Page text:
It should go without saying that, just as there must be an investment in individual training and individual technology, that investment must be extended across the organization as a whole and integrated so that the technology in each component is supportive an interoperable with the technology in other components. This investment in technology and training is included in the investment discussed in part 1, but must be sized to ensure that there is the necessary interoperability and sufficient assets to include the large scale exercises discussed above. Thus six key elements are necessary to provide comprehensive and sustained organizational excellence:

1) Selecting the best available people
2) Providing these people the best possible education and training
3) Investing in these people and components to ensure they have the best possible mix of technologies and the most comprehensive component training and exercises, and that these technologies are interoperable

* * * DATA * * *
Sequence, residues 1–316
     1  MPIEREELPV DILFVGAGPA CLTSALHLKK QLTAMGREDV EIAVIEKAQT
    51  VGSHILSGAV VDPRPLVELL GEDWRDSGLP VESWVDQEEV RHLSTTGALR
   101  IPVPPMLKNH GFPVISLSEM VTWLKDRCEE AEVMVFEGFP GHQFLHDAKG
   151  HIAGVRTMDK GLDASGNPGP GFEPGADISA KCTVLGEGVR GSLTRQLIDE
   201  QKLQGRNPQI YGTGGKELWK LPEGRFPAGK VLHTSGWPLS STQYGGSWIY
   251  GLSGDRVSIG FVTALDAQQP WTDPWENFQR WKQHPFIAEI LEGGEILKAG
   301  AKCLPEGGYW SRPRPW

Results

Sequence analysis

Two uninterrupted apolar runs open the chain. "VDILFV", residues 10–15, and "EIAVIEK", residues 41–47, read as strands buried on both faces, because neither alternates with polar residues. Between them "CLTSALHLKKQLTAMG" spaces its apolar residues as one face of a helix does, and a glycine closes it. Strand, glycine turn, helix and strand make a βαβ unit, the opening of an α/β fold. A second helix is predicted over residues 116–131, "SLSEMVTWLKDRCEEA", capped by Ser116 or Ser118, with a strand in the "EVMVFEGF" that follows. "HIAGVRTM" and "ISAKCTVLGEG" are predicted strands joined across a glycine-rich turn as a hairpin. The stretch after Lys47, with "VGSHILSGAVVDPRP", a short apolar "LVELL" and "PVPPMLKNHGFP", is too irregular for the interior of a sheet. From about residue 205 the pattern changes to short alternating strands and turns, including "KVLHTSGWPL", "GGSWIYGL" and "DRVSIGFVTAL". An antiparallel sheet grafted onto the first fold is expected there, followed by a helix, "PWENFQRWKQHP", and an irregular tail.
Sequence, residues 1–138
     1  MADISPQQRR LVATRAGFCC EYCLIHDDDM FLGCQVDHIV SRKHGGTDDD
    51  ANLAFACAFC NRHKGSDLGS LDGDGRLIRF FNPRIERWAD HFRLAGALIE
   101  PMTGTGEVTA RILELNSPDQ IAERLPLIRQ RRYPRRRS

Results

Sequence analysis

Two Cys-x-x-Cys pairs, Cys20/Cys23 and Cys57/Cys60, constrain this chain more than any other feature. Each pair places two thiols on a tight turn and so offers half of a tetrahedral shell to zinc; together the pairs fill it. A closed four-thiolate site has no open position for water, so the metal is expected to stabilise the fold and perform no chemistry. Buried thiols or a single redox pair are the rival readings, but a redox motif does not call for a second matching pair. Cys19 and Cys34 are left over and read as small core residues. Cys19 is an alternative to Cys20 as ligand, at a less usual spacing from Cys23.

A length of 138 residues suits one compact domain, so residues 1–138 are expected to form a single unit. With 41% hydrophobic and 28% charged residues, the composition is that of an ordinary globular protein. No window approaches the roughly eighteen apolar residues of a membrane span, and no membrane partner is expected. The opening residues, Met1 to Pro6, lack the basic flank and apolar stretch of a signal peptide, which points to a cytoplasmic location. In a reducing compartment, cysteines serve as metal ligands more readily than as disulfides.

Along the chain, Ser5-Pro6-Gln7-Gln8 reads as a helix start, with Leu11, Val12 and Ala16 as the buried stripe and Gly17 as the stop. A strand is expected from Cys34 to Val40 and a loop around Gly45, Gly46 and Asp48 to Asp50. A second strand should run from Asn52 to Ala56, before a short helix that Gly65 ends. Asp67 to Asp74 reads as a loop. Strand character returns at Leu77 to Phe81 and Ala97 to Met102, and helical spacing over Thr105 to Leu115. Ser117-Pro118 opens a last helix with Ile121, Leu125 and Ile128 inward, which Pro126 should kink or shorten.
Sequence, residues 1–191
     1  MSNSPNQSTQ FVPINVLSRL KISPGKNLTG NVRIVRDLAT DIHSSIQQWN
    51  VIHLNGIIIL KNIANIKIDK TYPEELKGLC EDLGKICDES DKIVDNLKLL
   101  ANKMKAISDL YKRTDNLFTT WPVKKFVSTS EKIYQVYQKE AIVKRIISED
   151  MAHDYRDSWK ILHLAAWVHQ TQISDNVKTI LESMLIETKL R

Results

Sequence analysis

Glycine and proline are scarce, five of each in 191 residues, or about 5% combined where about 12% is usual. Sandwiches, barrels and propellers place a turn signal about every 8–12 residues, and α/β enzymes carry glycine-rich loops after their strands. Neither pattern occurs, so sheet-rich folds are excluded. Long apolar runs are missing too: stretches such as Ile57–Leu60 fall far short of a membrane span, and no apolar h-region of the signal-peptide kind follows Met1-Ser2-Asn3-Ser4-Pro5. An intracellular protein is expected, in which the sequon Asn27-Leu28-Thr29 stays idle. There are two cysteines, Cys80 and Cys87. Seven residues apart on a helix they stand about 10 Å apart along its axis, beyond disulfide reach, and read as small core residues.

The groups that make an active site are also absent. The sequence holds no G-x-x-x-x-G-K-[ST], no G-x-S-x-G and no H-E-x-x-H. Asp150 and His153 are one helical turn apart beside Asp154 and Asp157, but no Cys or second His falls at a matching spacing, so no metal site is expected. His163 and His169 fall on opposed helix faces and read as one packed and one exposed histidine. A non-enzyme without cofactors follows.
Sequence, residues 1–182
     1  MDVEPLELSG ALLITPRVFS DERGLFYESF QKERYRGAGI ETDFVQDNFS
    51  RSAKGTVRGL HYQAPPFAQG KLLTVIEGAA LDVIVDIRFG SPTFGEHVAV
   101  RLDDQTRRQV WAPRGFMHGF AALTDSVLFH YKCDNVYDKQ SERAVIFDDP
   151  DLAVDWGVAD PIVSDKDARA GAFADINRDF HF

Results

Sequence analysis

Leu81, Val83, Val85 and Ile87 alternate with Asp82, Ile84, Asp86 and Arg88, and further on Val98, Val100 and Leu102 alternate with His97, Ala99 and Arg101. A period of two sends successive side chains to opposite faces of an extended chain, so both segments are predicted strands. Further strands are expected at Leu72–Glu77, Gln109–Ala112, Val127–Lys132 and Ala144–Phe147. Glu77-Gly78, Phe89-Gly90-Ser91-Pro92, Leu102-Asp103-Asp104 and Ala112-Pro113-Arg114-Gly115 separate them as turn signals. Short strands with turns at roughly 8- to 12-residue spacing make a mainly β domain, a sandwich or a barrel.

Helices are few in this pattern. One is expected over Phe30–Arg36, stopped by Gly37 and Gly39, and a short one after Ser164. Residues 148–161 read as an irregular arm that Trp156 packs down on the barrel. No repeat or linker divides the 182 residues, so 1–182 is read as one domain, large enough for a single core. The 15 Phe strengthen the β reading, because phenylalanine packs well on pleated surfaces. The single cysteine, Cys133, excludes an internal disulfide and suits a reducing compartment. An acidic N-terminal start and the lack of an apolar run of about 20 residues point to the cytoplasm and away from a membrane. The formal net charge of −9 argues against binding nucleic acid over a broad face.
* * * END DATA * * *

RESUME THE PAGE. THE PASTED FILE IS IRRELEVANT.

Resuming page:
4) Developing comprehensive, integrated long-range (strategic) plans
5) Using of the planning process and the planning staff to cull the organization for the most creative and talented leadership
6) Using large-scale, across the board exercises to both test and refine the plan and to better identify the next generation of leadership within the organization